Woe to you when all speak well of you, for that is what their ancestors did to the false prophets.
So maybe, just maybe, our version is an improvement on the original? And when we see bullying, hypocrisy, injustice, unethical or unfair business practices, I guess we’re just gonna have to accept that some people out there won’t like us speaking out about it. As someone else far wiser than me once said, the only thing evil needs to succeed is for those who know better to remain silent…
Kingsway: dishonest discounts or fair practice? June 5, 2010Posted by Phil Groom in Christian Book Trade.
Tags: CD Prices, Christian Music, David C Cook, Kingsway, kingswayshop.com, Unfair Pricing
Over on my Christian Bookshops Blog we’re having a prolonged discussion about the price of Christian music and, in particular, Kingsway’s CD pricing policy.
Kingsway, a subsidiary of the USA based David C Cook group, have adopted a policy of setting an RRP (Recommended Retail Price) for their CDs which they then undercut, usually by about 20% but often by significantly more, without ever having actually charged the RRP themselves. The new ‘Very Best of Graham Kendrick’ album is a typical example — Our price £11.99, RRP £14.99 — highlighted in this post:
Any company advertising their own products on the basis of “Our price £X, RRP £Y” when they themselves have set the RRP is, I think, operating in a grey area at best, if they’re not actually being downright dishonest — and for a supposedly Christian company to engage in this sort of practice strikes me as doubly disappointing.
The Government’s Pricing practices guide: guidance for traders on good practice in giving information about prices (pdf, 422kb | Google Docs ‘Quick View’) sets out some general principles designed to help protect consumers from unfair trading practices. Whilst the guidance is not comprehensive, at least two sections seem relevant:
1.2 Comparisons with the trader’s own previous price
1.2.3 (a) A price used as a basis for comparison should have been your most recent price available for 28 consecutive days or more;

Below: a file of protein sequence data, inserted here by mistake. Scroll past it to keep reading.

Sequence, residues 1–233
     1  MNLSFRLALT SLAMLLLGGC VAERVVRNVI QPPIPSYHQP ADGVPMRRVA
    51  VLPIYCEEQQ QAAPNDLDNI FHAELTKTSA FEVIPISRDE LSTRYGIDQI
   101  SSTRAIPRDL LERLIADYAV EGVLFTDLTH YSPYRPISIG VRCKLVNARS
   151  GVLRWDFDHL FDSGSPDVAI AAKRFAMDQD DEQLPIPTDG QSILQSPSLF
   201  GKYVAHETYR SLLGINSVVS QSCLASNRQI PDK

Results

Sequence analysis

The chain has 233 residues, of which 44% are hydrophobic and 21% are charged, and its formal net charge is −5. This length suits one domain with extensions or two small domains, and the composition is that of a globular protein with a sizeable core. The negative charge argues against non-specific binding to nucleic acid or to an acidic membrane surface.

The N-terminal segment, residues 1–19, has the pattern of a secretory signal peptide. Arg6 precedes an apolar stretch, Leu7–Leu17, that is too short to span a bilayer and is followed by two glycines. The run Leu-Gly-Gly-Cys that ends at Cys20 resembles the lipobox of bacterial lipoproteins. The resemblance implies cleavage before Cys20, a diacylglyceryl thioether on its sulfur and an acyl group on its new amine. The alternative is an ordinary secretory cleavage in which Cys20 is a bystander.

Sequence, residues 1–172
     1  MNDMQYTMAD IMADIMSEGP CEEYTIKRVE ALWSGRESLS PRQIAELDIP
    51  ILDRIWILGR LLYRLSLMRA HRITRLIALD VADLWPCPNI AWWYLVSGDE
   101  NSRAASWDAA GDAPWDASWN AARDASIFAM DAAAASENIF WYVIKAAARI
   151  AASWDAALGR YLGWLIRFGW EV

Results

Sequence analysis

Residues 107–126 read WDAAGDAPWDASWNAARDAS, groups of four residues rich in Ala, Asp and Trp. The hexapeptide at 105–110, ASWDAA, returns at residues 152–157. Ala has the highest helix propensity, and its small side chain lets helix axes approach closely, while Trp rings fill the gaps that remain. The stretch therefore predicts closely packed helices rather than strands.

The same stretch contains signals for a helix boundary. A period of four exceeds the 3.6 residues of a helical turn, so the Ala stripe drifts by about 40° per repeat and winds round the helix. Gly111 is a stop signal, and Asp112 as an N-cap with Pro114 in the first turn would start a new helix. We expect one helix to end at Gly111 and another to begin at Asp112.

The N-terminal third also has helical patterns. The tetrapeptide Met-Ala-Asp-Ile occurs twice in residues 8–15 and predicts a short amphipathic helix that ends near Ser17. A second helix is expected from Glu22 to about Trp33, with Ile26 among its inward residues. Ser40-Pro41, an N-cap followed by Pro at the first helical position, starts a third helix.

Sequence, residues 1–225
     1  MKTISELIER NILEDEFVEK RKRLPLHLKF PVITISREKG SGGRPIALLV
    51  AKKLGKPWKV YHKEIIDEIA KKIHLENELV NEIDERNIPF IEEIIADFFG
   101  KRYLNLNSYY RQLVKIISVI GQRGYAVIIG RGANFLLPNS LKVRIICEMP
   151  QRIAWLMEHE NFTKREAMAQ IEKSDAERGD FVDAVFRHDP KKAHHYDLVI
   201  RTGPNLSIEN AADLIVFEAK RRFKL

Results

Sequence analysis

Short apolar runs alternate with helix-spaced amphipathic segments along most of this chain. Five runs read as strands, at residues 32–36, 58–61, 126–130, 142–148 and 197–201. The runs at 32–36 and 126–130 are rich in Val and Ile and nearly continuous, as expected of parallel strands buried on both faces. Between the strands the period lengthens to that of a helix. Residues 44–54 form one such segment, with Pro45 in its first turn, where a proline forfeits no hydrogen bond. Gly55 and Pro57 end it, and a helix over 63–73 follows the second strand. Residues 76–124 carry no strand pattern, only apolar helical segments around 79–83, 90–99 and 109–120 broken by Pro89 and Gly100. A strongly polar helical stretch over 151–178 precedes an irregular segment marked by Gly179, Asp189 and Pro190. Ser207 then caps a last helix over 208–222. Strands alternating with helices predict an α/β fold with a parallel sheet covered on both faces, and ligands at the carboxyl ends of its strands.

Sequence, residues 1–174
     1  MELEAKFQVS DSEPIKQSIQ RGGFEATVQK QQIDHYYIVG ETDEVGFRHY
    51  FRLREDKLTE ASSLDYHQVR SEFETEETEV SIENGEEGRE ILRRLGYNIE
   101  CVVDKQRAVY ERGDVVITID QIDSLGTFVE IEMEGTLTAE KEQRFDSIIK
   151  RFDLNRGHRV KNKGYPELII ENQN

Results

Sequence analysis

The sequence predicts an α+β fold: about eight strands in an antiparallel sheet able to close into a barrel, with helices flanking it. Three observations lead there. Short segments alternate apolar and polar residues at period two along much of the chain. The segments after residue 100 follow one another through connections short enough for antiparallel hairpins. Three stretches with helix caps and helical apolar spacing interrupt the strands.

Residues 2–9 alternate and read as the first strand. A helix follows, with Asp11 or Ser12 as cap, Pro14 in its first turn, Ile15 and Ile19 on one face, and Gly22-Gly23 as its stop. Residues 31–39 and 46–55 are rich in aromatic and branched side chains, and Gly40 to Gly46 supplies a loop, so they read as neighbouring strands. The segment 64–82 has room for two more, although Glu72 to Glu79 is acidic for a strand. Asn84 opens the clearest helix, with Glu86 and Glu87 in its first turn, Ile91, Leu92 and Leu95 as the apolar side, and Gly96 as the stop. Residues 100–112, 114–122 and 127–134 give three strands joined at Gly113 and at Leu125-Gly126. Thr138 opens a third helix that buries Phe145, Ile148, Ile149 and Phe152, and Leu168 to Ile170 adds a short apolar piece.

Kingsway, of course, are not claiming that their RRPs are a ‘previous price’ so it could be argued that the specific guidance of 1.2.3 (a) does not apply. But if the RRP has never been charged, is it not a purely fictional device? We move on, then, to consider the guidance on RRPs:
1.6 Comparisons with “Recommended Retail Price” or similar
1.6.1 You should not use a recommended retail price, or similar, as a basis of comparison which is not genuine, or if it differs significantly from the price at which the product is generally sold.
1.6.2 You should not use an RRP or similar for goods that only you supply.
Given that Kingsway’s RRP’s are not charged by Kingsway themselves but are only used in their dealings with other traders, any claim that those RRPs are genuine seems disingenuous at best; and given that Kingsway are the sole suppliers of Kingsway products — even when made available through other traders — then, with the best will in the world, I’m finding it difficult to see this as anything but a con. The ‘discount’ seems to be nothing more than bait to draw people in, the RRP a hook to hang it from.
I’m posting this here because I’d like some feedback from those outside the trade: how do you as a music buyer — the prospective end ‘consumer’ of Kingsway products — feel about this? Is what Kingsway are doing here fair game in a tough marketplace, is it a con or is it something else entirely?
Any members of the trade are still very welcome to join the conversation here, of course; and anyone outside the trade is welcome to join the discussions over there too: